In his vivid and thought-provoking filmmaking debut, physician Ryan McGarry gives us unprecedented access to America’s busiest Emergency Department. Amidst real life-and-death situations, McGarry follows a dedicated team of charismatic, young doctors-in-training as they wrestle openly with both their ideals and with the realities of saving lives in a complex and overburdened system. Their training ground and source of inspiration is “C-Booth,” Los Angeles County Hospital’s legendary trauma bay, the birthplace of Emergency Medicine, where “more people have died and more people have been saved than in any other square footage in the United States.” CODE BLACK offers a tense, doctor’s-eye view, right into the heart of the healthcare debate – bringing us face to face with America’s only 24/7 safety net.

 

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#NEJM #Relman obit: “A master in the use of the bully pulpit” #HCR

A not entirely objective perspective on the  career of the journal’s storied editor. Here’s the last paragraph:

In the increasingly complex world of health care, Bud Relman was a prophetic figure, larger than life. He acted nejmas our conscience. In his writing and speaking, he always reminded us that the medical profession is far more than a business and that as physicians, we have the responsibility to do what is right for patients and for the community as a whole. As distinguished as he was as a researcher, clinician, editor, teacher, and administrator, Bud Relman will be most remembered for the way he fought for a fundamental reshaping of our nation’s health care system. His passionate commitment to that cause will forever secure his position in the pantheon of leaders in medicine.

 

 

Boston Globe reports: Biolab & ebola

Two recent Boston Globe items of note:

Local hospitals prep for ebola

emergencyIn response to the West African outbreak of the deadly Ebola virus, some Boston hospitals are instructing clinical staff to ask patients as soon as they arrive about their travel histories, and reminding doctors and nurses of the symptoms.

But hospital officials say they would be ready to quickly identify the illness and prevent its spread if an infected patient showed up, using protocols and equipment already in place.

Column : Local biolab sits mostly empty as the CDC copes with its own lab safety crisis.

Over a decade of community protests, Boston University has beaten back lawsuits aimed at closing the lab and won City Council backing. Final approvals are still pending from the Boston Public Health Commission and the federal Centers for Disease Control and Prevention.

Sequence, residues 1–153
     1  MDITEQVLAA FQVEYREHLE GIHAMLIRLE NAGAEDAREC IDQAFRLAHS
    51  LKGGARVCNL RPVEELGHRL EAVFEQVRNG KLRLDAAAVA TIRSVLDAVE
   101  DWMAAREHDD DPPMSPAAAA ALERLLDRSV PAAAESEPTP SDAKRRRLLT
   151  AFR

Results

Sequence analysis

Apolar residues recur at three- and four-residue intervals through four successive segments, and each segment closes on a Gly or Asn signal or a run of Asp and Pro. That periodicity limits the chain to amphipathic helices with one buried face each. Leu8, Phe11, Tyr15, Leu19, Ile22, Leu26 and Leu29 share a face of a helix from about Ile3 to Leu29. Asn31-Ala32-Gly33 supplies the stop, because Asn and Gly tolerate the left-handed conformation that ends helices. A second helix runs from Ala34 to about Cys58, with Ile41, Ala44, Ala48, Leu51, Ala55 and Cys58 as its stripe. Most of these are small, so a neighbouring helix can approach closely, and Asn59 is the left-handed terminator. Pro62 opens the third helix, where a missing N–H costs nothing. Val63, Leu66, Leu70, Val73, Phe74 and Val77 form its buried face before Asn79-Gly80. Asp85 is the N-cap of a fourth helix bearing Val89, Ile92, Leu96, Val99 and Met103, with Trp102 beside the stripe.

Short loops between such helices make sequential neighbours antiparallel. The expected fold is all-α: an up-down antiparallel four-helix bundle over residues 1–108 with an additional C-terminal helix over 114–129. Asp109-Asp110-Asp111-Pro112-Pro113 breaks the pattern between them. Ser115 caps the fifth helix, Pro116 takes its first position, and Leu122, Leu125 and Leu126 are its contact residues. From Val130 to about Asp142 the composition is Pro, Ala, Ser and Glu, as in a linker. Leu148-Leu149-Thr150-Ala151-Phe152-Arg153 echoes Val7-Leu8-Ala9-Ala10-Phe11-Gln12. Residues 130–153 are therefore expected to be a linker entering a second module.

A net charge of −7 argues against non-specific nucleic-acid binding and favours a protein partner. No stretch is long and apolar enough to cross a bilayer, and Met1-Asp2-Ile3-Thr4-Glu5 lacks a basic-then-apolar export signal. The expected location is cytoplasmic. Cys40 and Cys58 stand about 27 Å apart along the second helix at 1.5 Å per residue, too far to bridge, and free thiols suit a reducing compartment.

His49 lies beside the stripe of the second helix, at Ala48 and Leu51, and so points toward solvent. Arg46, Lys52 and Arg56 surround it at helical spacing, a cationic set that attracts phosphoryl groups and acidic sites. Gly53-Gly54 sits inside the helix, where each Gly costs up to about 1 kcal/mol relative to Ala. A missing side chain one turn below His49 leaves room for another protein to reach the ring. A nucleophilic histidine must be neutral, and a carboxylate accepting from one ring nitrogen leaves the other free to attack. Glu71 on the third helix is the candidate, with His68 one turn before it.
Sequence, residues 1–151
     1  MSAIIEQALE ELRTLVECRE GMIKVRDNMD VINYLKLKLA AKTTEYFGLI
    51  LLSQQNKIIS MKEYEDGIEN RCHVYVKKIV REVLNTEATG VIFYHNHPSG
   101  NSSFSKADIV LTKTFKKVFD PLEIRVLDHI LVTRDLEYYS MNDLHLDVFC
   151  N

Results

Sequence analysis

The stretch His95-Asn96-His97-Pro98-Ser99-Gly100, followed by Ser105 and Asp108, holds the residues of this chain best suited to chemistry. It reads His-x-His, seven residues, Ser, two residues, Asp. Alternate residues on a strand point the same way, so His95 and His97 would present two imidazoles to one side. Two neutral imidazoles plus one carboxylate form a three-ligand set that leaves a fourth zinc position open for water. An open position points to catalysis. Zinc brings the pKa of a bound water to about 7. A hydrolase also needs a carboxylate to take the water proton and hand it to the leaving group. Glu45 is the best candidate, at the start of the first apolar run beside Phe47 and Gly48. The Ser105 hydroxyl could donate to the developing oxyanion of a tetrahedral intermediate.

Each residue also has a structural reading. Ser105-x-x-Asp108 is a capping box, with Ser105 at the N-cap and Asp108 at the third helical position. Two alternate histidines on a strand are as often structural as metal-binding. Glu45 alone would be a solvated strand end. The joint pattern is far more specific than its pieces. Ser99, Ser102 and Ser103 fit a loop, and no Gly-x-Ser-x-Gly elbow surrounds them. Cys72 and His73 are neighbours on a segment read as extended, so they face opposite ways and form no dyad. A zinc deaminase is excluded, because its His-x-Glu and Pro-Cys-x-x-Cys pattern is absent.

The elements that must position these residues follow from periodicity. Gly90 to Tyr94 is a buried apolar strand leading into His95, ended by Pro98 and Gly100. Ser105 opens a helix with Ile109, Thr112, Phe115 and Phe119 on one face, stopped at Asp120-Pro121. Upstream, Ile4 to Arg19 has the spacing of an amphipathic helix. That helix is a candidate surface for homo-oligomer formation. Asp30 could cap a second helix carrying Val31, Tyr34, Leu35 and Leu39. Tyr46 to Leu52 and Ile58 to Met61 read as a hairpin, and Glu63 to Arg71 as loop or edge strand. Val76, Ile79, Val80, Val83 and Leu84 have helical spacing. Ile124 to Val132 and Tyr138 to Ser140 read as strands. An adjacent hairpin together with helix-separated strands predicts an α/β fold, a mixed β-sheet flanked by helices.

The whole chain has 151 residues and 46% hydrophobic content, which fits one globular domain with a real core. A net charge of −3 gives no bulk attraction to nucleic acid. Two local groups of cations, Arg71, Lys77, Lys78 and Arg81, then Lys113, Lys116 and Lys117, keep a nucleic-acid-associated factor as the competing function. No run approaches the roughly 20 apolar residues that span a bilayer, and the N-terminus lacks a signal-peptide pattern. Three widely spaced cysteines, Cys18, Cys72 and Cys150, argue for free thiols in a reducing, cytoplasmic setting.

Its critics, though, have been given fresh ammunition: The CDC confessed earlier this month to sloppy handling of anthrax and avian flu at its laboratories elsewhere, exposing dozens of employees to the deadly bacteria. The mistake was the kind that proponents of the Albany Street lab had called nearly impossible.

“The CDC example is a wake-up call, if you needed a wake-up call,” said David Ozonoff, a Boston University professor and the longtime dean of its department of environmental health who opposes the lab.

How to feel a little bit better about ordering a $42 steak

Some need the excuse of a birthday or anniversary to splurge at celeb chef Jody Adams’ Rialto. Entrees at the Harvard Square restaurant run from $26 for roasted eggplant agrodolce (golden raisins, pine nuts, mozzarella, saffron tomatoes, chickpea arancini ) to $43 for grilled Tuscan sirloin steak (portabella, arugula, Parmigiano Reggiano, truffle oil).

For those interested in global health, here’s another. Louinique Occean, Rialto’s hePHIad baker, and Adams, James Beard Award-winning chef, are working with Partners in Health to create healthy meals with local ingredients at University Hospital in Mirebalais.


“Occean, who is Haitian-American, and Adams, a PIH trustee, have come at the request of the medical team to help the kitchen staff make healthier meals for patients, using locally sourced ingredients.

In Haiti, lack of access to nourishing food is at the root of many health problems. About 22 percent of young Haitian children show signs of chronic malnutrition. Doctors and nurses often see poor nutrition exacerbating the effects of other health problems, including tuberculosis, HIV, and diabetes. Malnutrition puts women at greater risk of dying in pregnancy and childbirth.”

Link here to her recipes.

Here is another tip for PHI supporters. For everyone who takes PIH’s 3-question, online quiz, a donor will contribute 50 cents to PIH’s maternal health efforts.